We begin by noting that McKennon dealt with after-acquired evidence in a wrongful termination case. In this case, Russell did not suffer any immediate negative employment decision after Microdyne's alleged discovery of her supposed falsehoods. Absent such a negative employment decision premised upon evidence of wrongdoing, the defense cannot apply and the remedies available are not curtailed in any way. Under these rather unusual circumstances, however, we do not think this is fatal to Microdyne's use of the defense, for the company faced a difficult situation in which the availability of this defense was not established, and it acted in an understandably conservative manner, in fear of the additional liability for discriminatory retaliation that might attach to its conduct. Thus, we believe that the after-acquired evidence doctrine, as limited by the McKennon Court, might be available in this case. We note, though, that in post- McKennon cases, an employer's decision not to terminate a Title VII plaintiff would be dispositive on this issue. Cf. Shattuck v. Kinetic Concepts, Inc., 49 F.3d 1106, 1108 (5th Cir.1995) ("We are persuaded that the pertinent inquiry, except in refusal-to-hire cases, is whether the employee would have been fired upon discovery of the wrongdoing....").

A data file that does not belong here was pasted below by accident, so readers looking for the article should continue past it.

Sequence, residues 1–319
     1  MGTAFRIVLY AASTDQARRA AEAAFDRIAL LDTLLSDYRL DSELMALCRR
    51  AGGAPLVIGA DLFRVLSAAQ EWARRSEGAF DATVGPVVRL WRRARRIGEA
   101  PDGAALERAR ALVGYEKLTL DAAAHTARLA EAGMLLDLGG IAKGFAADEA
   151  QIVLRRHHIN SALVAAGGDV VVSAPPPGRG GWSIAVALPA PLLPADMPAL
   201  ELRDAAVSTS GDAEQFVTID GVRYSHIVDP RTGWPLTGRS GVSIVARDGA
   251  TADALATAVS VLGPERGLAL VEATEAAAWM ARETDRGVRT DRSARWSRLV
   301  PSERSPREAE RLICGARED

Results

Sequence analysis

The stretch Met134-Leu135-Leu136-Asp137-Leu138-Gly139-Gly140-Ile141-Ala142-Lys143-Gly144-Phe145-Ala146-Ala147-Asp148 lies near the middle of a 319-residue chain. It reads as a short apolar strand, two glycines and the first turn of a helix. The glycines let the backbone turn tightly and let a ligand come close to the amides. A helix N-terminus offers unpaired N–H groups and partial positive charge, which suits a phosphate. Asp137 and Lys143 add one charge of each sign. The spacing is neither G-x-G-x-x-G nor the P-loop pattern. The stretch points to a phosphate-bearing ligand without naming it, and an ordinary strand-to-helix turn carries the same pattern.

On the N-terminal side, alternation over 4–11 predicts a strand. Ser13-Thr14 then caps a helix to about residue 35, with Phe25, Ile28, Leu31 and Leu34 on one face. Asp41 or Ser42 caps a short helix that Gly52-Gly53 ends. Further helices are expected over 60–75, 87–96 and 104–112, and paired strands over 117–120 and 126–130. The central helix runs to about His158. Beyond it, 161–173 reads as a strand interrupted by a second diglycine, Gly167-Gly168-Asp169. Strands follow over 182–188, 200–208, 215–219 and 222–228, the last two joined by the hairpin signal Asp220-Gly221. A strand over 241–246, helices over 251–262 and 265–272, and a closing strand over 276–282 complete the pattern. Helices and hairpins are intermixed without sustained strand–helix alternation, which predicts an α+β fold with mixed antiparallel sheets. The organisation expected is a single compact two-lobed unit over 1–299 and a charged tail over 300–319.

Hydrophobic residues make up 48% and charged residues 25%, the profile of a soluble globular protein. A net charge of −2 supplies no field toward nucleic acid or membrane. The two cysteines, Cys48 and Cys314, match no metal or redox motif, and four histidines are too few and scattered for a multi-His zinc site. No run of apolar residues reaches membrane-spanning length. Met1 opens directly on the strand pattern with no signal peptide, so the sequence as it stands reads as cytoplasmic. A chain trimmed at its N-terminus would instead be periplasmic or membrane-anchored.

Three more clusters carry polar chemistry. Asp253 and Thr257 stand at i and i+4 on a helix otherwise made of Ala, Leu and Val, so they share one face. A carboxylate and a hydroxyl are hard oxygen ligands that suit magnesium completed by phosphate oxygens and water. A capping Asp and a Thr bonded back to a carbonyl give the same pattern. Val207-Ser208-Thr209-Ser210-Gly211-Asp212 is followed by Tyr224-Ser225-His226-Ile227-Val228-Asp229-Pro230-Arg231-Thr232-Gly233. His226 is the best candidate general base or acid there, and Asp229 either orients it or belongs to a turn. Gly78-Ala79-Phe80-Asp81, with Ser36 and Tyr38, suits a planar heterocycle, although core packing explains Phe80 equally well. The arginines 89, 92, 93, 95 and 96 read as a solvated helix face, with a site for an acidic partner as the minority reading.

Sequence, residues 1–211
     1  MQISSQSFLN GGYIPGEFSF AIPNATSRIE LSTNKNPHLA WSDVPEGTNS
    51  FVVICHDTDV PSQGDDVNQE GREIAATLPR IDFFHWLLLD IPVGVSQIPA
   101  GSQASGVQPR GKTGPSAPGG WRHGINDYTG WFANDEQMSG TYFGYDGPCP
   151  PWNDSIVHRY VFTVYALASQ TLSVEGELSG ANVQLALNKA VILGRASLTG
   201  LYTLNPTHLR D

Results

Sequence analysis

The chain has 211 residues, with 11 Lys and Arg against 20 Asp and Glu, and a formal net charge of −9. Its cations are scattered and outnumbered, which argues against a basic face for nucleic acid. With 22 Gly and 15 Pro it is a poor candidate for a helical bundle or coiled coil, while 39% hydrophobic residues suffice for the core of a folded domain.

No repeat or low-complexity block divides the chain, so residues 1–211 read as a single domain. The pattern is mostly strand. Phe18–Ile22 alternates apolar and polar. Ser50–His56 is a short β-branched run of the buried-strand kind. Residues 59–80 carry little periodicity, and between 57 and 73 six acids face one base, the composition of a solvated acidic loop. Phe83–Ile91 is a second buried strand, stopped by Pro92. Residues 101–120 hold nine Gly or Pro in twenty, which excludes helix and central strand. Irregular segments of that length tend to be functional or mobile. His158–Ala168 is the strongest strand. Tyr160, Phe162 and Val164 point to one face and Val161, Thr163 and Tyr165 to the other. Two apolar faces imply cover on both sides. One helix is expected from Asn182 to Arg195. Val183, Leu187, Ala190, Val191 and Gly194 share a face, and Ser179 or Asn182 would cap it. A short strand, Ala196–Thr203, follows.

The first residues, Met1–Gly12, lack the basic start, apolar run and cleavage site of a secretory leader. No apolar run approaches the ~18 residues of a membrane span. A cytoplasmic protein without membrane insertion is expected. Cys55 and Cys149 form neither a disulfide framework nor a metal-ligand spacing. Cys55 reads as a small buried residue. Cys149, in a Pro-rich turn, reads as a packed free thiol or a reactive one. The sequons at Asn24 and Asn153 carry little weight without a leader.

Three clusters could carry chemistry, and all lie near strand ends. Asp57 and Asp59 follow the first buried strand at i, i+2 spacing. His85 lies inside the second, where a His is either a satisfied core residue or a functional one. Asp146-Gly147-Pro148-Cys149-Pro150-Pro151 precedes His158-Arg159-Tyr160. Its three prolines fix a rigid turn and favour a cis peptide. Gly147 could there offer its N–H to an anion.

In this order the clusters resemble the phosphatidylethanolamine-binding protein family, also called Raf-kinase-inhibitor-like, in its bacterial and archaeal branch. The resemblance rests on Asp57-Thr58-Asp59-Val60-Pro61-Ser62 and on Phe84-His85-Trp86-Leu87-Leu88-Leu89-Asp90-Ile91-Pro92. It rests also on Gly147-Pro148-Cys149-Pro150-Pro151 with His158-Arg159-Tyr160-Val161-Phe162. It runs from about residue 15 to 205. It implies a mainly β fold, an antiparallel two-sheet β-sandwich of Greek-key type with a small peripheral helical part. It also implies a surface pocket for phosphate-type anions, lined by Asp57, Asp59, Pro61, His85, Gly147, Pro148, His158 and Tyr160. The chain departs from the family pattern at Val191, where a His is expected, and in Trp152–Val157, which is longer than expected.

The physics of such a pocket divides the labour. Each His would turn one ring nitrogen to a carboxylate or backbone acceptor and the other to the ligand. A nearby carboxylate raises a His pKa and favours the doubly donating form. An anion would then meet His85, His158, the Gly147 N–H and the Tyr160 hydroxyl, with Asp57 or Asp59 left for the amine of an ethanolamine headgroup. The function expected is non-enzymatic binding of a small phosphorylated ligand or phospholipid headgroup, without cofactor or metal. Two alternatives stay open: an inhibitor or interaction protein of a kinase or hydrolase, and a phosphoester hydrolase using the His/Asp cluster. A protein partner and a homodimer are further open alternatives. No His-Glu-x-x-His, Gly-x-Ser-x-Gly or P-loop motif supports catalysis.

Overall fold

The district court, however, erred by concluding on summary judgment that the defense applies as a matter of law. First, there was contradictory evidence in the declarations and affidavits of Russell and Microdyne as to whether the evidence was in fact newly acquired in the course of discovery. According to Russell, she did not keep this information secret, but provided a significant amount of it to interviewing officials. The information disclosed that she was working only part-time at MEI and that she was working for another company at the same time. Second, there is a genuine dispute as to whether Russell actually engaged in "misconduct" at all, particularly in light of McKennon 's emphasis on the need for serious wrongdoing. The elements supporting invocation of the after-acquired evidence defense were that Russell lied in answering the question concerning her salary at MEI as "$25/hr--50k," because, although she was indeed making $25 an hour, she was not working there full time and thus not earning $50,000 annually; and that Russell lied in answering the question concerning her reason for leaving MEI as "growth, financial stability of the company," because she was reduced from the full-time Marketing Manager to a part-time consulting position with the same responsibilities as a result of the financial instability of the company.10 Third, the evidence as to whether these slight discrepancies would have caused Microdyne not to hire Russell is itself unclear. Although the affidavits submitted on this matter were quite rigid, see, e.g., Affidavit of Ralph Mason, J.A. 44-45, the deposition testimony of Mr. Mason demonstrates that "many factors" go into a decision of this type and suggests that the answer was not so clear cut. J.A. 109-10. Although the McKennon Court accepted a similar conclusion on summary judgment regarding the employer's hypothetical termination decision, the plaintiff in that case admitted she "would have been terminated" for her misconduct. McKennon, 9 F.3d at 541 n.3. Clearly, such is not the case here, and Microdyne has not met its burdens under the McKennon test.